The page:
Melissa Meade, KLN '19, is the recipient of two prestigious dissertation awards for her dissertation "In the Shadow of 'King Coal': Memory, Media, Identity, and Culture in the Post-Industrial Pennsylvania Anthracite Region." Meade, who attended Klein College of Media and Communication for her doctoral degree in media and communication, earned this year's Best Dissertation award from the National Communication Association's ethnography division and this year's Constance Coiner award from the Working-Class Studies Association. Her ethnographic work in the post-industrial Anthracite coal-mining region of northeastern Pennsylvania was the focus of her research.
Meade, who hails from the anthracite region, was inspired to write her dissertation while in Media and Social Memory, a class taught by Carolyn Kitch, the Laura H. Carnell professor of journalism. Kitch pushed Meade to consider how the changes to the anthracite region not only affected the physical environment but also how it affected longtime residents and recent immigrants to the area. Although many families have lived in the anthracite region for generations, a new wave of Latinx immigrants has moved there. New cultural dynamics have emerged while much of the long-time tangible history tied to anthracite coal has been erased, making for a rich location to study.
Meade considered how she could combine both online and offline methods to effectively provide firsthand accounts of the anthracite region. In addition to her dissertation, she created a popular Facebook page for the anthracite region's residents to contribute posts and multimedia material about their histories and experiences, along with a website with more in-depth information.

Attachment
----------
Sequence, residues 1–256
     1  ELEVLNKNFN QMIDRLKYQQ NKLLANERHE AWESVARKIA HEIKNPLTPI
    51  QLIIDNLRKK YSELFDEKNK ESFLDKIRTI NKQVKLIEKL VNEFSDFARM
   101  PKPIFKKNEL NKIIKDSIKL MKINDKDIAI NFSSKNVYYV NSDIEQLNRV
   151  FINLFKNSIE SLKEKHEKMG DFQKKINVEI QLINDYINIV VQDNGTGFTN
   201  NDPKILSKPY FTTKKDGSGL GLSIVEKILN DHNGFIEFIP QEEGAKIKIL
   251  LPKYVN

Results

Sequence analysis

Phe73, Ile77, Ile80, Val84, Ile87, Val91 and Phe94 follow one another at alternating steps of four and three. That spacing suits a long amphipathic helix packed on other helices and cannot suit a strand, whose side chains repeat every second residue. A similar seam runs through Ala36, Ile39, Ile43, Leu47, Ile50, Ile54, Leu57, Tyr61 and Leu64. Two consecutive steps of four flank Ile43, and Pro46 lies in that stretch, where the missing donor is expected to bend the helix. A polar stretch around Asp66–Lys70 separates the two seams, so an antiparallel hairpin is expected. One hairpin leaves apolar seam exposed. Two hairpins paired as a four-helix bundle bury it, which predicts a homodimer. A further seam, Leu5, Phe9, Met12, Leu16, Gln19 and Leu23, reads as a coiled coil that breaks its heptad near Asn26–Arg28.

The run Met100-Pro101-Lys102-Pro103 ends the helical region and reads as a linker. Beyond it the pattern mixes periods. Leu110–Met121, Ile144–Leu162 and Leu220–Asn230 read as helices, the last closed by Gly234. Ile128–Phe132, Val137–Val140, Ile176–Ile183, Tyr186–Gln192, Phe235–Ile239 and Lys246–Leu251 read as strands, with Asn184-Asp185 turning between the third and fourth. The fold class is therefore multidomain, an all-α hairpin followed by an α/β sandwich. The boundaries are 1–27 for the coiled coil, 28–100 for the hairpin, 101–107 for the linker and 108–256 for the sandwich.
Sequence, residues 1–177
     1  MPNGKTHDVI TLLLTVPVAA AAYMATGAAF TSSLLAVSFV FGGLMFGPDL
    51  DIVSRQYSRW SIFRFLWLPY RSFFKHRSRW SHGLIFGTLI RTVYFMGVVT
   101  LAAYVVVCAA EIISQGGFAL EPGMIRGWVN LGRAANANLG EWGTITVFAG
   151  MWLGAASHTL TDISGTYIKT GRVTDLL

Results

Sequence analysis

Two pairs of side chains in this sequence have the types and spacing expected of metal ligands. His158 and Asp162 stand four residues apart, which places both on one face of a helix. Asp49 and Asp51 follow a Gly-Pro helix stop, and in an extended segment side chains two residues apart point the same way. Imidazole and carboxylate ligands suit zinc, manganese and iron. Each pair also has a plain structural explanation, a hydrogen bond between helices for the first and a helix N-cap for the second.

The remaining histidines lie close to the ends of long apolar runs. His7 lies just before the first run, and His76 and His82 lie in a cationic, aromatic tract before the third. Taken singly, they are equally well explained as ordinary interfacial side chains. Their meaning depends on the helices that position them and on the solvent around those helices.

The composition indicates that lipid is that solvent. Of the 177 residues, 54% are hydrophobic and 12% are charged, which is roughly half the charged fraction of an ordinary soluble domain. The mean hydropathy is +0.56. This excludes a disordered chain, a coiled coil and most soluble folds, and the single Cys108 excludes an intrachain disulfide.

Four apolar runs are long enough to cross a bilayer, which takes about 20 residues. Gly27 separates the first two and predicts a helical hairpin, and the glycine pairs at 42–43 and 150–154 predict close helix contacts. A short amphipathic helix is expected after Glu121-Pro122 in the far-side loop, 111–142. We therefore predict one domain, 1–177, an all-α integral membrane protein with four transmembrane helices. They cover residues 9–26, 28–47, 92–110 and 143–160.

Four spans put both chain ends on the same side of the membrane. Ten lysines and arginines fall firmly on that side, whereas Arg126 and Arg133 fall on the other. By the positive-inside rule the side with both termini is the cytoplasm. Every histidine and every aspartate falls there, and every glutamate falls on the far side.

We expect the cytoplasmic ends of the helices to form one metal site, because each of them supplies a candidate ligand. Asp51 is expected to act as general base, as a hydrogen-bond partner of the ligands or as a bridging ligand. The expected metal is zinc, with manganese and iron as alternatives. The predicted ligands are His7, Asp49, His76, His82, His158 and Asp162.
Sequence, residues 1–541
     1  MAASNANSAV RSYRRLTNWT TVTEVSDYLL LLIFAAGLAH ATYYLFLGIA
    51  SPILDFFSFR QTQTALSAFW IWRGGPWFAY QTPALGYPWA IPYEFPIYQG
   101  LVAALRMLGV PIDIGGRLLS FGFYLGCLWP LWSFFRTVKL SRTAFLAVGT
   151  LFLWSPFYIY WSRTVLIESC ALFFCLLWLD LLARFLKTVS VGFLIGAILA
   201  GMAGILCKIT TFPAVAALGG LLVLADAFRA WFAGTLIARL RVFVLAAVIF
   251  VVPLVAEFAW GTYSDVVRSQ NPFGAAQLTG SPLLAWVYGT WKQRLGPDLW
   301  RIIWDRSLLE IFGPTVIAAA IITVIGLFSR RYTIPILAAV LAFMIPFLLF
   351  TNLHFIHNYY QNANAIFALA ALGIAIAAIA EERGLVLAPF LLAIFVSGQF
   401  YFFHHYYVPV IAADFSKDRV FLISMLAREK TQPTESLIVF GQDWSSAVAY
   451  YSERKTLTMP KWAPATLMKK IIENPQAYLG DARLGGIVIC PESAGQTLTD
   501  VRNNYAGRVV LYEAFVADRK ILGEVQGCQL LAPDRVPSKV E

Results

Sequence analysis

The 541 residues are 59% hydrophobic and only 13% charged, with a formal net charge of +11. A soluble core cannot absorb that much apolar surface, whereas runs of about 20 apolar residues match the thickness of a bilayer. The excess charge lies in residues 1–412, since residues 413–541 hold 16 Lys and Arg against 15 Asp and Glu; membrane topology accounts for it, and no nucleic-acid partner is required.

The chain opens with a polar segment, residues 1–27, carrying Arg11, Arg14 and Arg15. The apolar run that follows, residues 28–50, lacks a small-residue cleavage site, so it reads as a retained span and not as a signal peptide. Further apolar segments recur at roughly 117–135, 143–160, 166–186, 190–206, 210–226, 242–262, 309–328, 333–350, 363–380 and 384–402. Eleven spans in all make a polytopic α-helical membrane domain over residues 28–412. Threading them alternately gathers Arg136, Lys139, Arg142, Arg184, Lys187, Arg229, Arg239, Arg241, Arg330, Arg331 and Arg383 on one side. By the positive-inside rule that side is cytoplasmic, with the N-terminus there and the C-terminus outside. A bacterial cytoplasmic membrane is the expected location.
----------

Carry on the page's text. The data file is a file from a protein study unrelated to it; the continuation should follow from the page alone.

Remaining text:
"I was always thinking about how I could innovate methods and so [with] the work I was doing, some people would just go online and they would observe. The people were working on this project with me and I was working beside them. So that was the whole point: I was applying my social justice research skills and abilities to digital humanities, and working beside the community and in the community," Meade says.
Others outside of Klein were impressed by Meade's research, especially as it culminated in her dissertation. Meade is the previous recipient of awards from the ethnography and American studies divisions of the NCA and of the association's Donald P. Cushman Memorial Award, where she was recognized as the first scholar who used an ethnographic method for her article. For this year's best dissertation award, reviewers from the ethnography division of the NCA noted that her research offered a "rich and compelling telling of the small-town experience."
The WCSA chose Meade's dissertation as the winner of the Constance Coiner award for similar reasons, with judges remarking that her work "is an affirmation of the importance of working-class stories and provides the working-class subjects with agency. The work also considers the intersections of race/ethnicity and gender in its examination of identity formation and also considers the 'environmental classism' which is a result of polluted and poisoned landscapes."
Nancy Morris, a Klein professor and chair of Meade's dissertation committee, believes that Meade's skill as a writer was more than enough reason to make the case for her awards.
"She's a fantastic writer, so she was able to take those findings and really express them in a way that causes the reader to really feel like they are inside the community as well," Morris says.
Patrick Murphy, associate dean for research and graduate studies who was also a part of Meade's dissertation committee, is a fellow rural Pennsylvanian. He found that he could easily understand the universal appeal of Meade's dissertation.
"Her focus on deindustrialization and extractivism is something that resonates with our own state but it's also something that's global," Murphy says. "You can find these kinds of relationships around the world and then within those there are all sorts of things to talk about in terms of social class, gender, race, ethnicity, because some of these communities are experiencing changes in the demographics."
Meade, who is currently a visiting assistant professor at Villanova University, plans to continue her research studying post-industrialization on a local scale at several intersections, including class, gender, race and ethnicity.